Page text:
where a total amount of uncomfortableness is defined as a summation of total uncomfortableness for each thermal zone within the BIN. Other measurement systems for uncft may be used.
In act 102, a plurality of candidate solutions for one or more parameters related to the energy consumption in the building is identified. Identifying the plurality of candidate solutions may include receiving ranges for the one or more parameters or the plurality of candidate solutions at an input of the computing system or retrieving the plurality of candidate solutions from a memory of the computing system. The one or more parameters may include a start time of the cooling period (e.g., t1), an end time of the cooling period (e.g., t2), and an end time of the exponential temperature increase (e.g., t3). The one or more parameters may include more, fewer, and/or different parameters related to the energy consumption in the building. For example, the one or more parameters may include the first temperature, the second temperature, and/or the third temperature.
An electrical utility company servicing the building may charge more for energy consumption during the peak demand period (e.g., between the hours of 2:00 PM and 6:00 PM). Ranges for the one or more parameters (e.g., t1, t2, and t3) may be set based on the peak demand period. For example, the ranges may be input as follows:
D={(t1,t2,t3):5<=t1<=10;t12<=13;17<=t3<=19},
where t1, t2, and t3 are integers that represent the hours in a single day. D belongs to R3, which contains, for example, ninety-nine candidate solutions for each weather pattern (e.g., ninety-nine different combinations of t1, t2, and t3). In other embodiments, the ranges may be larger, smaller, more, and/or fewer, and t1, t2, and/or t3 may or may not be integers.
A plurality of representative weather patterns may be identified (e.g., nineteen weather patterns). The plurality of representative weather patterns may, for example, represent the most likely weather patterns in a city or state, in which the building is located. FIG. 4 shows an exemplary weather pattern (e.g., Weather Pattern 02) representative of a likely weather pattern in August in the northern United States. Prior to optimization, the model identified in act 100 may be run (e.g., representing the specified time period) for each representative weather pattern of the plurality of weather patterns, for each of the ninety-nine candidate solutions, for example. This may be done once prior to use of the method for optimizing energy consumption in the system using real-time temperature data (e.g., projected temperature data for a single day). The model identified in act 100 may determine the total energy consumption over the specified time period and thus may calculate total values for eCost and uncft (e.g., representative of all the thermal zones in the BIM) for each of the ninety-nine candidate solutions and weather patterns. In other words, for the ninety-nine iterations of the simulation of the model identified in act 100, ninety-nine values of eCost and ninety-nine values of uncft are calculated. A minimum energy cost eCostmin and a maximum energy cost eCostmax and a minimum measure of uncomfortableness uncftmin and a maximum measure of uncomfortableness uncftmax may be determined for each representative weather pattern of the plurality of representative weather patterns.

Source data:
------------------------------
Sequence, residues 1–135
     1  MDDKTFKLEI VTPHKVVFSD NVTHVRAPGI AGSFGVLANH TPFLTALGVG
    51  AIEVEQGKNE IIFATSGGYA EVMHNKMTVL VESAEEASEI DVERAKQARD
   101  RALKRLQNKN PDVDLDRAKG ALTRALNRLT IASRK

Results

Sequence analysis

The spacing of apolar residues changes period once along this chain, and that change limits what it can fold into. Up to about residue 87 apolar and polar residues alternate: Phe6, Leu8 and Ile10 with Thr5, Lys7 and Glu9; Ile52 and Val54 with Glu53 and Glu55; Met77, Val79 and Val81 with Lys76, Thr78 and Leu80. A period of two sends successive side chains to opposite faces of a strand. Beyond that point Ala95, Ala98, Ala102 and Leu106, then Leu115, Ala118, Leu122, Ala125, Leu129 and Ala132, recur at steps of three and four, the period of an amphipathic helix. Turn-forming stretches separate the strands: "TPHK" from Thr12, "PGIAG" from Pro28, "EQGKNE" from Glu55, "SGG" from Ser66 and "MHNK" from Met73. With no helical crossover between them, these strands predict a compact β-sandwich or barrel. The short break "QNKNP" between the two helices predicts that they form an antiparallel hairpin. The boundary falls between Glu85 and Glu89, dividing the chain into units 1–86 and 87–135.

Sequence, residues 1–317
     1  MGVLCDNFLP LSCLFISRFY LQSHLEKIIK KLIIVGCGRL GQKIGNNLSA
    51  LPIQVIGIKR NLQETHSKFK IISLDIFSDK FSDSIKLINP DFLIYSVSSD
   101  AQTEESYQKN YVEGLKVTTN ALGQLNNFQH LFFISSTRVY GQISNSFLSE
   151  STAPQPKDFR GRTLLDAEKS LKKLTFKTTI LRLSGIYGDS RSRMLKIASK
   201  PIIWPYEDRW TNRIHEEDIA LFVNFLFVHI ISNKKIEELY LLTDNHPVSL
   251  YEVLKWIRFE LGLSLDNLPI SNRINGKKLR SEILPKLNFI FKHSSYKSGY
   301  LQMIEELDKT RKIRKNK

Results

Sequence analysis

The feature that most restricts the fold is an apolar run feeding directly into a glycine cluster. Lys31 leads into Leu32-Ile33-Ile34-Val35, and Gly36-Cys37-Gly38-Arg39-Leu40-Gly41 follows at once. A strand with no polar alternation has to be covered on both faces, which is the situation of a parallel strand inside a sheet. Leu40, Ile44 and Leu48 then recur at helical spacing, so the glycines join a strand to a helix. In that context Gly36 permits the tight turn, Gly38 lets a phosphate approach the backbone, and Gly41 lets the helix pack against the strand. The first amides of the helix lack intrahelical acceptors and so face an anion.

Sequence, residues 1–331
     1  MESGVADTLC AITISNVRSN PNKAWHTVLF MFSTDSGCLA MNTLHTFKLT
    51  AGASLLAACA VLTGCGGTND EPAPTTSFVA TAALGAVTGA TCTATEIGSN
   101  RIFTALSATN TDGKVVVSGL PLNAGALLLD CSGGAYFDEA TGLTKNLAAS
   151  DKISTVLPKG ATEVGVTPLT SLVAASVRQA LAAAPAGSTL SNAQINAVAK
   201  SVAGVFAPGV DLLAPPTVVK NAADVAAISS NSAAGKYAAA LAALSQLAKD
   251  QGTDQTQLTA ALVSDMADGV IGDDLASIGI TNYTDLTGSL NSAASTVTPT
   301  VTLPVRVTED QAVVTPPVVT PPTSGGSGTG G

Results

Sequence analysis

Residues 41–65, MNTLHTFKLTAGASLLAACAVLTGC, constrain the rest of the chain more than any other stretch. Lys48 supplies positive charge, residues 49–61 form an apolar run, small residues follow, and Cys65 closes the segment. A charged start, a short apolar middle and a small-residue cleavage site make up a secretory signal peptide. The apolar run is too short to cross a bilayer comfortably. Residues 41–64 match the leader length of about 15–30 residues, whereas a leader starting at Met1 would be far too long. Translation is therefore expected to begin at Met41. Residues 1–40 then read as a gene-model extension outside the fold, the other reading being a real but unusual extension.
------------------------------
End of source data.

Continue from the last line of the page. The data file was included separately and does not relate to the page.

In act 104, an optimization algorithm is initialized with a first population of candidate solutions of the plurality of candidate solutions identified in act 102. The optimization algorithm may be a two-step optimization algorithm, and a first step of the two-step algorithm may be initialized in act 104. In another embodiment, the optimization may be a first optimization algorithm. The optimization algorithm may be used, for example, to optimize an object function F, where F is represented by:
F(eCost,uncft)=(eCost-eCostmin)max(eCost-eCostmin)+(uncft-uncftminmax(uncft-uncftmin)
In other embodiments, the differences on the right side of the equation may not be normalized. Other object functions may be used. The optimization problem P to be solved by the optimization algorithm is thus:
(P)=Minimize F(eCost,uncft)−for all set points in D
The optimization problem P is discrete (e.g., with ninety-nine integer set points in the domain D), and every evaluation of the object function F requires one energy simulation using the model identified in act 100. The object function is very oscillated (e.g., frequently changing values with a steep change), and the optimization problem P is a global optimization problem.
For this global optimization problem, a global optimization algorithm may be used to find a global optimum. The global optimization algorithm may require a reasonable amount of computation to find an accurate global optimum. The optimization algorithm may, for example, be a genetic algorithm. Other optimization algorithms may be used.
To fit the optimization model to the genetic algorithm framework, the original optimization model may be modified so that the optimization model is essentially a continuous problem. Using
Dr=[5,10]×[5,13]×[17,19], where t=[t1,t2,t3]εDr,
an essentially continuous objective function eNorm is defined as: